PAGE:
Originally Posted by Armagdn03
Cant say how long I have known, but I dont really think it is understood by almost anybody. I was watching a guy speak, who was a former "black ops" who said that the military had circuits which only "spent time". At the time I thought he was full of crap, but now I can clearly see what he is saying. This goes deeper than just heat, it goes to the heart of all energy, and the assumption that there is, was, and has been a finite amount.
A condenser charged, will share its charge with another condenser of the same properties. The energy dissipated in doing so will always be the same. If you place different loads in-between you will always end up with the same balance, how long it took will be the only difference. Bulbs, motors, resistive loads, doesn't matter, same energy is lost. Energy is apparently lost because we have spread a potential over a larger surface area (higher total capacitance). This need not be the case, for inductors themselves look like the perfect "negative resistor" sucking up every last drop of energy in the condenser. (this cannot happen if we keep sharing between caps).
Placing loads in between the cap and inductor complicates things. Anything that diminishes the flow, (resistors etc.) spreads out the TIME it takes for the interaction to take place. This means the inductor will not rise to as high an energetic state, which then also means it has less energy stored. It will return less when it becomes source, and cap becomes sink, your coefficient of restitution will suffer. This is mostly due to ohms law.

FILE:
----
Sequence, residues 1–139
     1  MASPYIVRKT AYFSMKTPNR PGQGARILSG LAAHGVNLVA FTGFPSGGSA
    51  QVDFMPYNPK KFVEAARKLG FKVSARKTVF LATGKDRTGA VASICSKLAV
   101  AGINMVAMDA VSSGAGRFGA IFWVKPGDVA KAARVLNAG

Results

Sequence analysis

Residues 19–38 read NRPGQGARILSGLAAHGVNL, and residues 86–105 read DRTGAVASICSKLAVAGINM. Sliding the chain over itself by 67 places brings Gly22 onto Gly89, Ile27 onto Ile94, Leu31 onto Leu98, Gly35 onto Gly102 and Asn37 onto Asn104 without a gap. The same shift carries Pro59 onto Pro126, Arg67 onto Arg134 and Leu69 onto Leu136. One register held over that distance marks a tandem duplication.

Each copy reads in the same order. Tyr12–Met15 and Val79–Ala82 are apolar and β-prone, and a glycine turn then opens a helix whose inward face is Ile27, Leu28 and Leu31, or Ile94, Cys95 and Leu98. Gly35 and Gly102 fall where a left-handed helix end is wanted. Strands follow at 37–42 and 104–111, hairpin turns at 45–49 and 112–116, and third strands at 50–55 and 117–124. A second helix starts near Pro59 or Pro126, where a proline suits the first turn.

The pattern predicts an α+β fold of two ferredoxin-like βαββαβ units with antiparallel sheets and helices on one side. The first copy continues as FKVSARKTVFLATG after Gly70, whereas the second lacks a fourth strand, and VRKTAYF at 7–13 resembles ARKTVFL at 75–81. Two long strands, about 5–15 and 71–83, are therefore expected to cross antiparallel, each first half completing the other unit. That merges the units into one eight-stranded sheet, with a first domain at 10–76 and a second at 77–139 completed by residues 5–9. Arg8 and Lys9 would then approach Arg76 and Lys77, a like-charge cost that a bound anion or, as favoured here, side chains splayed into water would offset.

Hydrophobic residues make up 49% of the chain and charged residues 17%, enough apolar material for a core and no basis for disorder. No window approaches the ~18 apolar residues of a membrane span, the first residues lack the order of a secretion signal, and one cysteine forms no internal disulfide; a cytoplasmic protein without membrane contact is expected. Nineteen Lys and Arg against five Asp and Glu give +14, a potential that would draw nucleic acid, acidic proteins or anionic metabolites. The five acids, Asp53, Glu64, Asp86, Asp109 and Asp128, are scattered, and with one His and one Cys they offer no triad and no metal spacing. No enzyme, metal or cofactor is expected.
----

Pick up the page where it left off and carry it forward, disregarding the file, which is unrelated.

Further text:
Take a motor for instance though, one like Dr. Lindemann is touting. A capacitor discharges into a motor winding. Because the motor creates no secondary current opposed to the first, energy stored in the inductor is not limited in any way, and is free to return to the capacitor. (especially if built so the reluctance does not change). You basically have a delay line tank circuit, or this one way tank. Now there is nothing in the way of collecting as much as possible back from the inductor, and you get rotation on top of it all.
Put in one pulse of energy, and it will be recirculated, over and over until it slowly runs out. The more run time you have off of a single pulse, the more judiciously you have managed your time expenditure.
I have a transformer which "rings", each ring pumps a charge in a secondary circuit. If a load is attached, the ring does not die faster, Try this with a normal transformer, and the load will kill the ring right off the bat.
I didnt see Luc's latest video, excellent compliment to what I am trying to explain.